Comment: It seems that it's often those who have serious addictions, psychological issues, and/or are already guilty of neglect and abuse.

Texas and Florida had by far the most deaths with 142 and 110, and the hot South and South West had the most per capita.

Children can't regulate their temperature as efficiently as adults and their body temperatures warm up three to five times faster.

California law imposes a $100 fine on anyone who lives a child under six in a car 'where there are conditions that present a significant risk to the child's health or safety'.

'Never leave your child alone in a car even for a second to dash into a store or to run a quick errand,' police said.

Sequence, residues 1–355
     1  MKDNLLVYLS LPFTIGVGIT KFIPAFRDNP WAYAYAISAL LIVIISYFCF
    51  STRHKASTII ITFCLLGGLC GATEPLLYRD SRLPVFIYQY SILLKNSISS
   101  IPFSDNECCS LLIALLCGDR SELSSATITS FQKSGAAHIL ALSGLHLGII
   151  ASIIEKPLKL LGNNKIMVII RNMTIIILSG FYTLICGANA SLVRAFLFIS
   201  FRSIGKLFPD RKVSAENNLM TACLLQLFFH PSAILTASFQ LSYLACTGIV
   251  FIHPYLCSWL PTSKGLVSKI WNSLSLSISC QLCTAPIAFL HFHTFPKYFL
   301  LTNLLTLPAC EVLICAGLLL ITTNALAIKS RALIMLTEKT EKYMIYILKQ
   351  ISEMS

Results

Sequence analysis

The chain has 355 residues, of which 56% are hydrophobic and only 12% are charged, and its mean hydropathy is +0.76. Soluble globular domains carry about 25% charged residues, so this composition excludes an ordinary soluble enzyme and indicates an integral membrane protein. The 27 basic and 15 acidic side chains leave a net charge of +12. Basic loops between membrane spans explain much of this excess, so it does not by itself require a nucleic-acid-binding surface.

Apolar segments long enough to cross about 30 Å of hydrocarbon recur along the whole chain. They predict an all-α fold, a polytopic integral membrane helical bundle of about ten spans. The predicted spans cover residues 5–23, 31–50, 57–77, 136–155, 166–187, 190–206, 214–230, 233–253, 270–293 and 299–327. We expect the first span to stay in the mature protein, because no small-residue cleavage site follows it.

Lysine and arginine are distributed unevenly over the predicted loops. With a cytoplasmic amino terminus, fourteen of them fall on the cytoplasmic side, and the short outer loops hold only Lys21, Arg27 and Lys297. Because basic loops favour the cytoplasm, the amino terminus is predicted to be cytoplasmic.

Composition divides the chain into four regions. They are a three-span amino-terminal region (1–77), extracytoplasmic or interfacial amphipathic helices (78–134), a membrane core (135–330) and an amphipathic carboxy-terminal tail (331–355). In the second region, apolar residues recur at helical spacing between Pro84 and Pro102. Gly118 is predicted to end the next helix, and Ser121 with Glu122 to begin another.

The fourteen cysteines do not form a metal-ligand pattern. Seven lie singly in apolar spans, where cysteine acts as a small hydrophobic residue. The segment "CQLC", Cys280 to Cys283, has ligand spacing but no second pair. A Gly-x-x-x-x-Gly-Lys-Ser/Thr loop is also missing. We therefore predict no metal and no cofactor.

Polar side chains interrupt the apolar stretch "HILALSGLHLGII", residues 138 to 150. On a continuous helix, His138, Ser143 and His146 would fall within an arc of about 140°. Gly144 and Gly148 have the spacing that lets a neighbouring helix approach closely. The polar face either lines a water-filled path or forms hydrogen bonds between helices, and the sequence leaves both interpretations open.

'Summer routines can shift unexpectedly. Even the best parents can forget a quiet or sleeping child is in the backseat of a car.'

Comment: For hours?

Police can also level various charges from neglect to manslaughter depending on what harm comes to the child.

However, parents who mistakenly believe their children were not in the car are often not charged as the pain of losing a child is considered punishment enough.

Some prosecutors still charge parents with manslaughter and many have gone to jail.

As difficult as it is to imagine forgetting your child in a car, experts explain that parents often function on autopilot and lose awareness that a child is there.

Comment: One would presume this is more likely when the child is not biologically yours, because the physiologically changes, and bonding, are much less likely to be in effect.